Convicted killer denied parole following plea from victim’s family

West Bay

CRANSTON, R.I. (WPRI) — A convicted killer will remain behind bars for at least another decade after he was denied parole on Wednesday.

Frank Moniz is currently serving a life sentence for the 1990 murder of his estranged wife, Maryellen Medeiros.

The Parole Board will reconsider his case in January 2030.

It was a difficult day for Medeiros’s siblings, who had to relive her murder as they pleaded with board members to not grant Moniz’s request.

“She was an amazing woman,” Katherine Lescault said of her sister.

Prosecutors say Medeiros was left for dead after being slashed and stabbed at least 52 times in her Pawtucket apartment. She and Moniz had been separated for about a month before the gruesome murder took place.

Domestic Violence: The signs and how to get help »

David Morowitz, who prosecuted the case, was asked by the family to attend Wednesday’s hearing. He said while he’s handled a lot of murder cases in his career, this was by far “the most brutal” he’s ever seen.

“Only one of the wounds was a fatal wound. He tortured her,” Morowitz said. “I heard the tape, the 911 call with her in the background screaming and you would not know it was a human being.”

Morowitz told the parole board that Moniz should still be considered a threat to the community since this case demonstrated his lack of impulse control.

“I think we’re all in danger if this man is out on the street,” Morowitz added. “He showed no remorse.”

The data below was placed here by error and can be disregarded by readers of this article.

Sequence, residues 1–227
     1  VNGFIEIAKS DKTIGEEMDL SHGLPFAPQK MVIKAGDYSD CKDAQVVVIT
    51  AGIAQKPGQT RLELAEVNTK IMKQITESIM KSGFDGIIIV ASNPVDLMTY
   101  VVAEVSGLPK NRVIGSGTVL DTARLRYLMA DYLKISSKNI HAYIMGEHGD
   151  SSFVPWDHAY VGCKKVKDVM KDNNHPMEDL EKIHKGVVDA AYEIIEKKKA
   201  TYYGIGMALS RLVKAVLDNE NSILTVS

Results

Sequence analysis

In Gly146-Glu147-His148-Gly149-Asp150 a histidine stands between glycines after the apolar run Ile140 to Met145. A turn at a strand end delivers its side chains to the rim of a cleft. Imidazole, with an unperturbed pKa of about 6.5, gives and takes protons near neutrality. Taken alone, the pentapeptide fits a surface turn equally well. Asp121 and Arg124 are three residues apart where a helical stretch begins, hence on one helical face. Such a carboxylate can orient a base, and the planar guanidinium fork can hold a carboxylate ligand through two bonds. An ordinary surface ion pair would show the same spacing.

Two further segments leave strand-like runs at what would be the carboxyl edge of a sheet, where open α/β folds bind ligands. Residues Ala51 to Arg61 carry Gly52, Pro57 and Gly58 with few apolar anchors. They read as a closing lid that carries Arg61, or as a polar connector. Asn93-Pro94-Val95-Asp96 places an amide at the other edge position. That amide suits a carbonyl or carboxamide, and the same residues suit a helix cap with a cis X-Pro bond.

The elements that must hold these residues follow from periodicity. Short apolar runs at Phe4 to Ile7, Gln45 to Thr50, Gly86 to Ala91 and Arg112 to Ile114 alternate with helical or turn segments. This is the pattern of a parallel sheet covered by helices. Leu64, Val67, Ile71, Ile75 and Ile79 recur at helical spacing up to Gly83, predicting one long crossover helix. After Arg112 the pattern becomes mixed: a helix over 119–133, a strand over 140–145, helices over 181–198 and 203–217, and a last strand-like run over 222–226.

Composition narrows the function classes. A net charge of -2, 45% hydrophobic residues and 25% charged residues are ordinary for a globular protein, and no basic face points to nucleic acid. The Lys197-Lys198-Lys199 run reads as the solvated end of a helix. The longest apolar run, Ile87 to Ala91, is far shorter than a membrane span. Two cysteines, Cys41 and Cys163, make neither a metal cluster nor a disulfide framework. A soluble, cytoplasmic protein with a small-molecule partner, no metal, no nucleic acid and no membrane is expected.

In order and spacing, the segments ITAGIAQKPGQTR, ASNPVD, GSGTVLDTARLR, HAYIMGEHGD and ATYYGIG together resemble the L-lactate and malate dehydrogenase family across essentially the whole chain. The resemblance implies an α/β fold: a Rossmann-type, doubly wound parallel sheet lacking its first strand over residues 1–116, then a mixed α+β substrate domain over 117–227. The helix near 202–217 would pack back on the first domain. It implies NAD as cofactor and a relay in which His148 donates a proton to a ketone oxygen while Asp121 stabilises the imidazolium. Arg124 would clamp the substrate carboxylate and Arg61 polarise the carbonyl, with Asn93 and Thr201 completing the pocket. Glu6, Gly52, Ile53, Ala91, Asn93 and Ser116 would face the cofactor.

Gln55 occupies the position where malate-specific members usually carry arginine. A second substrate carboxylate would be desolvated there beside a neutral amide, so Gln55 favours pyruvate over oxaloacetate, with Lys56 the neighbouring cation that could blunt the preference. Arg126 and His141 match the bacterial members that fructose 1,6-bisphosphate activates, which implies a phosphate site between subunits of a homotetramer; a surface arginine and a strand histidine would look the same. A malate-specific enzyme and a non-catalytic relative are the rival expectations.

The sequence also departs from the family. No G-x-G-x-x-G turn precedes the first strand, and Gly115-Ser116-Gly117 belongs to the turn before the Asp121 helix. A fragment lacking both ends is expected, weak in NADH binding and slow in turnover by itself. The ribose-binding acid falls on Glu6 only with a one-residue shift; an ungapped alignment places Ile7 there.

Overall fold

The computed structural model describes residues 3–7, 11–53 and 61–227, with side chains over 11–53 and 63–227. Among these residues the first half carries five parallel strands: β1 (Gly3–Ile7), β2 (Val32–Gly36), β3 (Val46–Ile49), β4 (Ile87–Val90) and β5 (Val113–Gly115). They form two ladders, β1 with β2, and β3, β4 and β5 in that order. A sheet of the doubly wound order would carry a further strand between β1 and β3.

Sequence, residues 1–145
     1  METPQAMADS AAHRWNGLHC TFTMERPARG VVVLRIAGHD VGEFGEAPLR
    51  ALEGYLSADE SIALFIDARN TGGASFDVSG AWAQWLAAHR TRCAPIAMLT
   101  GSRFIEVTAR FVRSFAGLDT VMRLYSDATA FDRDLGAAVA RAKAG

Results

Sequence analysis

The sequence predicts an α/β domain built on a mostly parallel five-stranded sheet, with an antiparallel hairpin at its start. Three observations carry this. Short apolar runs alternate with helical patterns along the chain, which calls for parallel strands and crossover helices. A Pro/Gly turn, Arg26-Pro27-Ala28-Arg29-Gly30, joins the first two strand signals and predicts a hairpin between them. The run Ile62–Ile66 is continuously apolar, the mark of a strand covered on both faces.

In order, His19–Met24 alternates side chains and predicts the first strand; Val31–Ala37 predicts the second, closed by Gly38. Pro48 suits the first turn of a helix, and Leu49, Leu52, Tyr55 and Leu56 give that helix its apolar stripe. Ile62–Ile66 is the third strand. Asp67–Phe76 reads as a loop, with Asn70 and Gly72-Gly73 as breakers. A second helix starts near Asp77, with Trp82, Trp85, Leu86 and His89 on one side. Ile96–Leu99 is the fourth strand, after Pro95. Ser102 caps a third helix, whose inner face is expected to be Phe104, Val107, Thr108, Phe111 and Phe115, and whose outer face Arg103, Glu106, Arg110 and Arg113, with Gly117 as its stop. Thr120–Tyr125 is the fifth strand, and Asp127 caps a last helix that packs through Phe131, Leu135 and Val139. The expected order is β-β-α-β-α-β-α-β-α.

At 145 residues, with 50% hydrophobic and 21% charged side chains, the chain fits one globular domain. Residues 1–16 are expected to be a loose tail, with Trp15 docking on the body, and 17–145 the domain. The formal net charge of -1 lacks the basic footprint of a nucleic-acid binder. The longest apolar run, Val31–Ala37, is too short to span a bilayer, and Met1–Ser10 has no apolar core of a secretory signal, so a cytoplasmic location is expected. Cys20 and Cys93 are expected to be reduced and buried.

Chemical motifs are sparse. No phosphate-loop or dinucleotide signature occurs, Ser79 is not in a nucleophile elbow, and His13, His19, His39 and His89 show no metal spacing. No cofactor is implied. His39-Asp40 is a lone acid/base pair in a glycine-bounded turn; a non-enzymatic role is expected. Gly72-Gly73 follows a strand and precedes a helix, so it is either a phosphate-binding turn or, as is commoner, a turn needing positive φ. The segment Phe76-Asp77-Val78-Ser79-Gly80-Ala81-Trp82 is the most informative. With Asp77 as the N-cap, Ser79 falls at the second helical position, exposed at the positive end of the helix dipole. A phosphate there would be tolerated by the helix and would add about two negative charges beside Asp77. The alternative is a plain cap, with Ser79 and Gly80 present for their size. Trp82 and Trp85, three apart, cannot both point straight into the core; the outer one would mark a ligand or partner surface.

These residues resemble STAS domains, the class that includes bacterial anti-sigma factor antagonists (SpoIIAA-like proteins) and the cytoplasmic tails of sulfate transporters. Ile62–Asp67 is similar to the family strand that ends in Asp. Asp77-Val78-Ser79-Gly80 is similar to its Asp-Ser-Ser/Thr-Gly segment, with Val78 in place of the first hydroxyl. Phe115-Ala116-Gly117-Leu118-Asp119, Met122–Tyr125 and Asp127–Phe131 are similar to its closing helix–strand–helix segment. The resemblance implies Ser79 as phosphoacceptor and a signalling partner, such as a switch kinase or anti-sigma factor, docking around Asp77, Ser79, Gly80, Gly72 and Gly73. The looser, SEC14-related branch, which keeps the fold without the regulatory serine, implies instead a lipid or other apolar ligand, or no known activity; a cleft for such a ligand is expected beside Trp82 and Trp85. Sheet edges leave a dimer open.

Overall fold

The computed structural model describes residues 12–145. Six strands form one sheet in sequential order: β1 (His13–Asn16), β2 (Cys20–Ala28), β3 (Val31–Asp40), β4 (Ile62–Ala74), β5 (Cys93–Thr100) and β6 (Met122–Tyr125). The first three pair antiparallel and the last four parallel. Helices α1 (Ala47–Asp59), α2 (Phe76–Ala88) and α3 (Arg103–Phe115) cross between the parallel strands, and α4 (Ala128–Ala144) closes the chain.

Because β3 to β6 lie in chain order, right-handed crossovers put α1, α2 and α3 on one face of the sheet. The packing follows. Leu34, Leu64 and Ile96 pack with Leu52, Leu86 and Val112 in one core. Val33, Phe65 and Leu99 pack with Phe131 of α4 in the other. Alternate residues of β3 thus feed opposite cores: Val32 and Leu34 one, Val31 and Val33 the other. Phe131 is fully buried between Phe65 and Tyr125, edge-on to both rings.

From inside the hearing room, dozens of people could be heard outside, chanting, “no parole.” Protesters held signs with phrases like “Justice for Maryellen” while others simply featured the National Domestic Violence Hotline.

Five of Medeiros’s siblings were in attendance and all testified before the board. Another sister in Pennsylvania was unable to make the trip.

Lescault, who has served as the family’s spokesperson over the years, told the board she and her siblings were there not just for Maryellen’s rights but for all victims of domestic violence.

“When are we going to break the silence? When are we gonna put a stop to this?” she asked.

Lescault noted that this is the third time her family has faced the parole board “to keep this monster behind bars.”

“We’re afraid if he gets out, is he looking for revenge?” she said. “Will he come after us for all the times we fought him to keep him in?”

For anonymous, confidential help 24/7, you can call the National Domestic Violence Hotline at 1-800-799-7233 (SAFE) or 1-800-787-3224 (TTY). If you are in immediate danger – call 911.

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